Chronixx impresses Chris Blackwell
Island Records founder Chris Blackwell had high praises for Chronixx at Monday night's launch of Rebel Salute 2017, which was held at The Jamaica Pegasus hotel, New Kingston.
The 24th staging of the festival takes place at Grizzly's Plantation Cove, Priory, St Ann, on January 13 and 14.
In the audience interaction section of a conversation between Blackwell and Christopher Barnes, managing director of The Gleaner Company Media Ltd, moderated by Cordel Green of the Broadcasting Commission, Blackwell was asked if any newer reggae acts had impressed him. The man who is credited with much of the international success of Bob Marley and the Wailers, Black Uhuru, and Third World, among others, singled out Chronixx.
"I love Chronixx. I think Chronixx is an extraordinary talent. He has great rhyming, natural phrasing. That is a gift," Blackwell said. Chronixx had a guest slot with Inner Circle to do the remake of Tenement Yard at Rebel Salute 2015.
In an onstage interview, Blackwell responded to questions asked by The Gleaner Company Media Limited's managing director, Christopher Barnes, Cordel Green of the Broadcasting Commission (who is a regular Rebel Salute host and voice talent for the pre-show advertisement) moderating the exchange.
With Green and Barnes' professional involvement, it was not surprising that the tone was set with the thoughts of the possible communication landscape Rebel Salute will operate in on its 25th anniversary in 2018. From the outset, Blackwell spoke about Jamaican popular music's impressive reach as it is "heard everywhere in the world."
Having had a hand in the process, Blackwell was asked about the success of My Boy Lollipop, sung by Millie Small.
"It was a good pop record with a unique rhythm," Blackwell said, adding that Small's engaging personality helped as people "just really loved her". It was "a good song, which she sang really well and performed well on TV, and anyone who met her, loved her. She had that magic."
Being unique also applied to Rebel Salute, Blackwell pointing to its ethics and character, which includes not accepting sponsorship from alcoholic drink brands.
"I think that is fantastic!" Blackwell said of the principle behind the stance. He summed up corporate sponsorship of an event like Rebel Salute as "an opportunity for companies to push their product in front of a lot of people.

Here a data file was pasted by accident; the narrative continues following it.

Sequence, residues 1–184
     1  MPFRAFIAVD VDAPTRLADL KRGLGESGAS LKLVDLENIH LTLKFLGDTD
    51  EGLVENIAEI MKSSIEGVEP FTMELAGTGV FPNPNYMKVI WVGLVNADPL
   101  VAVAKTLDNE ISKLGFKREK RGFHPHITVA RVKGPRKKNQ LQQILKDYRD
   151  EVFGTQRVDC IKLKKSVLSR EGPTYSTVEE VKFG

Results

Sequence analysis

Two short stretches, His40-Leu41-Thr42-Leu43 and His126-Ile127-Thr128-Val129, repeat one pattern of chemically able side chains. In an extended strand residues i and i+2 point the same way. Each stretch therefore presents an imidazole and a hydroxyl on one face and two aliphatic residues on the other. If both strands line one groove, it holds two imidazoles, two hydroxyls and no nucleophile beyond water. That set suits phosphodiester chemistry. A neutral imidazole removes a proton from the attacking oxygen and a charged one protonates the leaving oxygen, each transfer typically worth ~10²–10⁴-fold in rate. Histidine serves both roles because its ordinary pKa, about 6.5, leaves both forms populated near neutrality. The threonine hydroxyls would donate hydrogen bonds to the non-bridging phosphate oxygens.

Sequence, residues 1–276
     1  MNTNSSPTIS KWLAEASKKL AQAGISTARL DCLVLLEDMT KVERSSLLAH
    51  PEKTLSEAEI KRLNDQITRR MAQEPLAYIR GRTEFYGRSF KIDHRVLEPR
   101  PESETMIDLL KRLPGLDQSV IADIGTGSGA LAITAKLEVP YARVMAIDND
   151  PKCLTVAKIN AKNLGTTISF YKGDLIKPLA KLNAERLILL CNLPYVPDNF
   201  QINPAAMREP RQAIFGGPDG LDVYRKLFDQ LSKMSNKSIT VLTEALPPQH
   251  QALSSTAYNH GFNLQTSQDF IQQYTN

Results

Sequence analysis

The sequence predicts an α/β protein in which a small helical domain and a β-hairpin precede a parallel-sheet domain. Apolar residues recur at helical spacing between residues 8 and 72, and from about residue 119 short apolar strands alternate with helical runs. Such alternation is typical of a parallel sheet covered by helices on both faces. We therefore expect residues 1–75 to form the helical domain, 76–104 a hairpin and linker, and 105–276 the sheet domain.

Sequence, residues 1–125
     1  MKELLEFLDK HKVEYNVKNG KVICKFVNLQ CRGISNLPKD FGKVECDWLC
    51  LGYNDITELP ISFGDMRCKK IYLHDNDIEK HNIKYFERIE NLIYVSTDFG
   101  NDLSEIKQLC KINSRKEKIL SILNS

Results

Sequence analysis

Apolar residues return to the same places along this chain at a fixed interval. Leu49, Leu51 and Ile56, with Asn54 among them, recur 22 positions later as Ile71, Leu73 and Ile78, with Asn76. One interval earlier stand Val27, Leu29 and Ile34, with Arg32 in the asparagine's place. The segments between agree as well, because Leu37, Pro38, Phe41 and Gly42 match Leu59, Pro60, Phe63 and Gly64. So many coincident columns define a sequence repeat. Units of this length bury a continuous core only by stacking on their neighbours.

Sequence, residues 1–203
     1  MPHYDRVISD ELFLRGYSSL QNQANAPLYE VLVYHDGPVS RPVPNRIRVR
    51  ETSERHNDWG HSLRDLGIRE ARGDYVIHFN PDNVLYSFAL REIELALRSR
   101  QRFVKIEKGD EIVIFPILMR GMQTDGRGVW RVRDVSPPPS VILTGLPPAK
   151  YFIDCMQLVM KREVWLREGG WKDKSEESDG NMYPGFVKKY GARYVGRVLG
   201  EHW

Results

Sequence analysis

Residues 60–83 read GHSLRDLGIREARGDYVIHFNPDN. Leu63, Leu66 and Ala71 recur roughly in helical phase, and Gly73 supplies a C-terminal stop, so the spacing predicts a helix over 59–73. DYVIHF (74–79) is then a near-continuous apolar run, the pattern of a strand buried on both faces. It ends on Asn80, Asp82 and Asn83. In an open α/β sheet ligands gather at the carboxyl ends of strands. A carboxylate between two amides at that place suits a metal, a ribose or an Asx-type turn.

Blackwell singled out streaming as a huge change in the music business, saying that although each stream returns only a fraction of a penny, a billion streams adds up to a lot of money.
There was a humorous moment when an audience member asked a question, referring to when Blackwell was in his heyday. "When I was in my heyday?" Blackwell responded drily. "I am in my heyday now." There was cheering in the room.
In a brief analysis of dancehall music, Blackwell said: "I like some of dancehall. I like some of it a lot." However, he said that there are elements that he did not like as he felt that some of the lyrics were negative, which he is not into. He credited much of Jamaican music's enduring popularity to its messages in the first 10-15 years.
Blackwell told an anecdote about why he never got involved in the festival business.
"In the 1950s when I was here, people would say anyone who brought Fats Domino to Jamaica would make a bag of money," he said. Someone did, Fats performed at the Carib and not many people went. "I saw it with my own eyes," Blackwell said.
Blackwell noted a major difference between Rebel Salute now being on the north coast, moving from its previous St Elizabeth home in 2013. For while the festival is in a transpiration and accommodation hub, Blackwell said, "I personally think it was great not being in a commercial part of Jamaica."
He said that part of getting people to experience the country is pulling them out of the hotels so that they can meet the people of the interior, Blackwell differentiating between them and those who simply have a job.
Blackwell identified a number of elements that go into being successful in the music business, among them the right song, right lyrics, melody - and luck. "You can have everything right and the time is wrong," he said.
But the major thing is, "a song that can touch people, that has a meaning, something you can play and play again and go back to 10 years later".